Institut de Biologia Evolutiva, Barcelona
Short bio: Luc Steels was already a pioneer of knowledge technologies in the nineteen-eighties, working on different expert systems applications for technical and scientific domains and developing a `knowledge-level' view on expertise that laid the groundwork for the semantic web (see Steels, L. (1990) Components of Expertise. AI Magazine). The past decade he has focused on developing computational construction grammar, flexible adaptive ontologies grounded in robotic sensori-motor experience, and the origins and evolution of language. Steels is currently ICREA research professor at the Institut de Biologia Evolutiva (UPF-CSIC) in Barcelona. He was formerly founding director of the VUB Artificial Intelligence Laboratory in Brussels and founding director of the Sony Computer Science Laboratory in Paris. His publications include several edited volumes on the foundations of knowledge technologies, a textbook on knowledge systems (in Dutch), and more recently several books on the grounding and learning of language and ontologies for embodied robots. See for example: Steels, L. (2009/2016) The Talking Heads experiment. The origins of words and meanings. Language Science Press. Available in open access: http://langsci-press.org/catalog/book/49
How much are our representations of knowledge influenced by our languages?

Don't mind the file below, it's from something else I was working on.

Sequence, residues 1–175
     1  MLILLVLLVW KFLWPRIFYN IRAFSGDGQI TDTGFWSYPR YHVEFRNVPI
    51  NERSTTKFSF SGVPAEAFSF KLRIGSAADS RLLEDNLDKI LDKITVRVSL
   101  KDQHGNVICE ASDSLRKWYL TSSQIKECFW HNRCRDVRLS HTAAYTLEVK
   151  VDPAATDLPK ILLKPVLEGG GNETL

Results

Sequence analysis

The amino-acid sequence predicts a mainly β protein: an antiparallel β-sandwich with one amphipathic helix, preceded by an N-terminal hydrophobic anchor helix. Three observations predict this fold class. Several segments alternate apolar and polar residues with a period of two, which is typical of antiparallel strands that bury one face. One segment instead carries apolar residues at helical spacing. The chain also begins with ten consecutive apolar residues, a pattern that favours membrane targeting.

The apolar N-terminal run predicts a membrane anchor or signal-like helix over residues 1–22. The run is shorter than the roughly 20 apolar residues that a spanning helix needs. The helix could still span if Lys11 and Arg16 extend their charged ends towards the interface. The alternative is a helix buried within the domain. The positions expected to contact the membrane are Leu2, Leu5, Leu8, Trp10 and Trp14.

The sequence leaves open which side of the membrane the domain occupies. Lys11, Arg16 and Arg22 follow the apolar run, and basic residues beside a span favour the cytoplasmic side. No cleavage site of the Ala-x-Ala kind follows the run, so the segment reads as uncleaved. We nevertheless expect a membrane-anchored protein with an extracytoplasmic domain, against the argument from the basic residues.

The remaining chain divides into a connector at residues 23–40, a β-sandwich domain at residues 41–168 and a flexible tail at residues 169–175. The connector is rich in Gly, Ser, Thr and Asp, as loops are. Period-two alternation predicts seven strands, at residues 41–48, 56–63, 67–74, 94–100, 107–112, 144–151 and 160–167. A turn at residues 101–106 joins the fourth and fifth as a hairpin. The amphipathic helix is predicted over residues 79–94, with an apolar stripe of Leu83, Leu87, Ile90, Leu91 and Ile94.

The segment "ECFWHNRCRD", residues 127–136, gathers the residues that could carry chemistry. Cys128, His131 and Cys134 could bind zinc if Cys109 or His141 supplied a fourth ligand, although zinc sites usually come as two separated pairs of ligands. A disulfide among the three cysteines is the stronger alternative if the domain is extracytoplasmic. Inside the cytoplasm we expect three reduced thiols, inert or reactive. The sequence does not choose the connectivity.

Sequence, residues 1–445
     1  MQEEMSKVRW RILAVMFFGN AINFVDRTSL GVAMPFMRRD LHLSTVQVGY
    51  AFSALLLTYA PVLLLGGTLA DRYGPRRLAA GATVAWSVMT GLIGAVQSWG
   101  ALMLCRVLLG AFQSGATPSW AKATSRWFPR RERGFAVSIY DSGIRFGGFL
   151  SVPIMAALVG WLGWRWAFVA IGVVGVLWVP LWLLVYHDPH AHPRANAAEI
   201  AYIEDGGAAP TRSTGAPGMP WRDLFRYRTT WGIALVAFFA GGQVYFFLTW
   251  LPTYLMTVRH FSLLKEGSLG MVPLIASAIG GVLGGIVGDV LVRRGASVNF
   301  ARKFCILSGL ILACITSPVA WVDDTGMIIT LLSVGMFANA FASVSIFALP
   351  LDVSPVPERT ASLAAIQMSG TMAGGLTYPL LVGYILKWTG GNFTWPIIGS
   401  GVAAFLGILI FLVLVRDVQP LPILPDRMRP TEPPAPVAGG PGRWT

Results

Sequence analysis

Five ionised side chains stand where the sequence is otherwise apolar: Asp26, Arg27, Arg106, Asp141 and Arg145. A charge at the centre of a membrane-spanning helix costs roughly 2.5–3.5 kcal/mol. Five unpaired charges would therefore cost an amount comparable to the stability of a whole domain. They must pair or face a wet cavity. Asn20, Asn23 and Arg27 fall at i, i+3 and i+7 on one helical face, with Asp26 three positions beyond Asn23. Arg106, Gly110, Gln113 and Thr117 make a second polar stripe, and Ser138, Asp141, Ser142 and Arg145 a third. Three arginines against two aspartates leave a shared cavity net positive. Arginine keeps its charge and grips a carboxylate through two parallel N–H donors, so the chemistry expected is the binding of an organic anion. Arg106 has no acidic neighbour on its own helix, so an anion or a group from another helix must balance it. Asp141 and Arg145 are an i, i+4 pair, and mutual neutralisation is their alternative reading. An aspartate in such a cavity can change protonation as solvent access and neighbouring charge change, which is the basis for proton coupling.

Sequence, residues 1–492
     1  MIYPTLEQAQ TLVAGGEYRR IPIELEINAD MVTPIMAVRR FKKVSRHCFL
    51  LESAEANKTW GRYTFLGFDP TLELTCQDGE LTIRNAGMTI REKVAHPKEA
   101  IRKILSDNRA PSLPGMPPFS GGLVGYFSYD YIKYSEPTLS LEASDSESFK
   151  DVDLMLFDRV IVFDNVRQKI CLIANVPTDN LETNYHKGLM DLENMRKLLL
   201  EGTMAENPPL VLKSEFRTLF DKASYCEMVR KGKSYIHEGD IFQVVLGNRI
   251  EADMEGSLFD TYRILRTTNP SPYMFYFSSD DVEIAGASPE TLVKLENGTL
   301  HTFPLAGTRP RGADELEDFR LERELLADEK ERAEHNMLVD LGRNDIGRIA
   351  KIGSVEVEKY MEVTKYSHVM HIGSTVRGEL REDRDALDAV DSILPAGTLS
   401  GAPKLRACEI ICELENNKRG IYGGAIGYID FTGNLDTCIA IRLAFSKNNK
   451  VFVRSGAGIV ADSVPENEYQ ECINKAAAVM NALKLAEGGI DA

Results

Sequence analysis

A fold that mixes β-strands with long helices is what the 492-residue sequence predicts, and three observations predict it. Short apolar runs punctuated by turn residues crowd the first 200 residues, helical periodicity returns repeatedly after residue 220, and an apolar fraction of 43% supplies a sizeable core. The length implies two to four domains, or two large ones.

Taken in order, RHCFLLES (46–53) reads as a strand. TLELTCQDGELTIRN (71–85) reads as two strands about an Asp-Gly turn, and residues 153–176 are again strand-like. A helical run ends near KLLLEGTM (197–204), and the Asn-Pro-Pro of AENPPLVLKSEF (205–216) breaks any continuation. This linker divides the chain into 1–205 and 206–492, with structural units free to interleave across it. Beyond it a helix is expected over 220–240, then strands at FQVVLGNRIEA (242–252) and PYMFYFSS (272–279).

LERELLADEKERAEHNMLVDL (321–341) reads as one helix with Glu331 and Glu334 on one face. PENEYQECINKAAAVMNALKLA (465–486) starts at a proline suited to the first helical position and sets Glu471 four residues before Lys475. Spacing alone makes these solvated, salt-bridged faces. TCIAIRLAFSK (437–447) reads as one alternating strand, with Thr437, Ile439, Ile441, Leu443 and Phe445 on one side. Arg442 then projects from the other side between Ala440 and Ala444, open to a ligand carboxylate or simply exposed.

Abstract: A lot of AI work on knowledge and semantics assumes, without too much further thought, that the basic foundations of knowledge (in other words ontologies) are universally shared across different cultures and languages. But bilingual speakers are very aware that this is not the case. As Wittgenstein once put it in his Tractatus Logico-Philosophicus: "Die Grenzen meiner Sprache bedeuten die Grenzen meiner Welt." - The limits of my language imply the limits of my world. This raises profound questions for knowledge technologies: How deep is the ontological structure underlying our language impacting what we can know and how we represent that knowledge? How can we get knowledge technologies that take ontological diversity into account? How do people understand each other, even if their ontologies are subtly different? What are the implications for multilingual interfaces and translation? I will argue that we need to view language and ontologies as complex adaptive systems that are evolving similar to the way organisms are evolving, namely through replicator-dynamics and level formation. Videoclips of robotic experiments will illustrate the talk.